We revisit the ‘Smile Dynamics’ problem, which consists in relating the implied leverage (i.e. the correlation of the at-the-money volatility with the returns of the underlying) and the skew of the option smile. The ratio between these two quantities, called ‘Skew-Stickiness Ratio’ (SSR) by Bergomi (Smile Dynamics IV, RISK, 94-100, December 2009), saturates to the value 2 for linear models in the limit of small maturities, and converges to 1 for long maturities. We show that for more general, non-linear models (such as the asymmetric GARCH model), Bergomi’s result must be modified, and can be larger than 2 for small maturities.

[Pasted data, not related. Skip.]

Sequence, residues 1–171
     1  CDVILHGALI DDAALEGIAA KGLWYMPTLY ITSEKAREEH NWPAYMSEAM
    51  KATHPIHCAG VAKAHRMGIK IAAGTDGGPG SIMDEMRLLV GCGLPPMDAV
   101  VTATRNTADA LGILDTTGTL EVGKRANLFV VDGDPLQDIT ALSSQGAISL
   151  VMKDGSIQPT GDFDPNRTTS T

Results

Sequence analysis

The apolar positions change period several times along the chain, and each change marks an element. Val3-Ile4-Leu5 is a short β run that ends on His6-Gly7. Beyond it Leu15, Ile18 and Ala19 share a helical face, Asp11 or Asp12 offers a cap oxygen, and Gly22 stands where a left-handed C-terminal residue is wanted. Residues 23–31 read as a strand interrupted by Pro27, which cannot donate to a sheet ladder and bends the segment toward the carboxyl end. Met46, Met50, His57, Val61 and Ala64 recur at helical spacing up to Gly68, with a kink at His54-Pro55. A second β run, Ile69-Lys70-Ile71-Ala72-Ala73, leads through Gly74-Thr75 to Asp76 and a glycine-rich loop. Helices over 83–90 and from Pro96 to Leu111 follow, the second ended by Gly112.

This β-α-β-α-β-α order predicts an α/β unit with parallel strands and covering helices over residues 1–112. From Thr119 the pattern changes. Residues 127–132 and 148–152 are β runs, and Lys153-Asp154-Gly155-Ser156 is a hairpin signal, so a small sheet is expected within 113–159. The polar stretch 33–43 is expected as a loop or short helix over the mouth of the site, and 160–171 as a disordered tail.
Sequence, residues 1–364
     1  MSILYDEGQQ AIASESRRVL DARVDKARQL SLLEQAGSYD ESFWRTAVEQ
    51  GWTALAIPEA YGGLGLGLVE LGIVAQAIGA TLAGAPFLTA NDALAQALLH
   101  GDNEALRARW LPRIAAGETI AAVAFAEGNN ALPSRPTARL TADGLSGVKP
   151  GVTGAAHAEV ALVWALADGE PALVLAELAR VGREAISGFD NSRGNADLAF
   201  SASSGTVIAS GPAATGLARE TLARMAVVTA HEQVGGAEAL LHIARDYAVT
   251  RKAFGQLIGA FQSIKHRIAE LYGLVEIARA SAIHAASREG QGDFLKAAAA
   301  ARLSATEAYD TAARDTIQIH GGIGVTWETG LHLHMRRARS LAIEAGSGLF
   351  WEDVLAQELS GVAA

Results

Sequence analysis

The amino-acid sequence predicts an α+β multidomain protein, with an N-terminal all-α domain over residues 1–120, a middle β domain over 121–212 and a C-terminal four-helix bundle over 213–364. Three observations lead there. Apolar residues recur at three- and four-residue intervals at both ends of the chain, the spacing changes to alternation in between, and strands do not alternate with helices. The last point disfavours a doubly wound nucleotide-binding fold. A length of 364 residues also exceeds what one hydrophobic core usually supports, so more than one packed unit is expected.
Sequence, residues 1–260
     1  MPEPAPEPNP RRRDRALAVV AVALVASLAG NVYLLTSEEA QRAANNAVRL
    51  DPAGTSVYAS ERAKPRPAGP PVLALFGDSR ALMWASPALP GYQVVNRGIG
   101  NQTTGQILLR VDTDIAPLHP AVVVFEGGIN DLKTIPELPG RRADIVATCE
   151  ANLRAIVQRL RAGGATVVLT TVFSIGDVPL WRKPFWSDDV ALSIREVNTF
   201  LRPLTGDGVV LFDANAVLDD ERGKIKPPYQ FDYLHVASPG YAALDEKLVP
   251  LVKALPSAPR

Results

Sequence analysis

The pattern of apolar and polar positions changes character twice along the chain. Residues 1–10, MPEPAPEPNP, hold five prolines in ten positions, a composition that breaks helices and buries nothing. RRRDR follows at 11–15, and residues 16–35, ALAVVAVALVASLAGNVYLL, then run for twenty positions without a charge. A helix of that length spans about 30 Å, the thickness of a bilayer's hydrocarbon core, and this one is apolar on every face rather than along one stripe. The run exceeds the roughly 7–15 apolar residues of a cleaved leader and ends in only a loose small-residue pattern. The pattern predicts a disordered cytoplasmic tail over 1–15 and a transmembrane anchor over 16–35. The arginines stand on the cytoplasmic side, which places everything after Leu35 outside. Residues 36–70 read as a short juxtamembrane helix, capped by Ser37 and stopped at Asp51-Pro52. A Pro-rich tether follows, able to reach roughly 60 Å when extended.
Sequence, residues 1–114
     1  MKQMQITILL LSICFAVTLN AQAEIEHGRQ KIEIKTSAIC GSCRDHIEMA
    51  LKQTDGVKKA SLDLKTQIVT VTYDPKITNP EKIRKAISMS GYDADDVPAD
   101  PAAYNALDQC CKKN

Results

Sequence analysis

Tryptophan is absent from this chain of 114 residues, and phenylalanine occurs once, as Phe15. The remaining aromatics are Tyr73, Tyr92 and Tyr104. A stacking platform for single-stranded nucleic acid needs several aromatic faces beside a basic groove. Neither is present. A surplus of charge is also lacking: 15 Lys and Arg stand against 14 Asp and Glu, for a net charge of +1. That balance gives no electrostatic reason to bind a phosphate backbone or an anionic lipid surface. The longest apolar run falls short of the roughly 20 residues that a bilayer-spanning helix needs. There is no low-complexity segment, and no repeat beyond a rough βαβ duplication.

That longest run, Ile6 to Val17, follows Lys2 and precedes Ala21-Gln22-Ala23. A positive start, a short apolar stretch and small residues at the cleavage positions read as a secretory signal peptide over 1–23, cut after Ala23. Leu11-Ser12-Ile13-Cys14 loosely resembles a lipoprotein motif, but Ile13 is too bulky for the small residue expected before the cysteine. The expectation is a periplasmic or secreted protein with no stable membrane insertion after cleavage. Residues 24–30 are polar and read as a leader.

The discrepancy comes from the fact that the volatility skew is, in general, different from the skewness of the underlying. We compare our theory with empirical results, using data both from option markets and from the underlying price series, for the S&P500 and the DAX.
We find, among other things, that although both the implied leverage and the skew appear to be too strong on option markets, their ratio is well explained by the theory. We observe that the SSR indeed becomes larger than 2 for small maturities.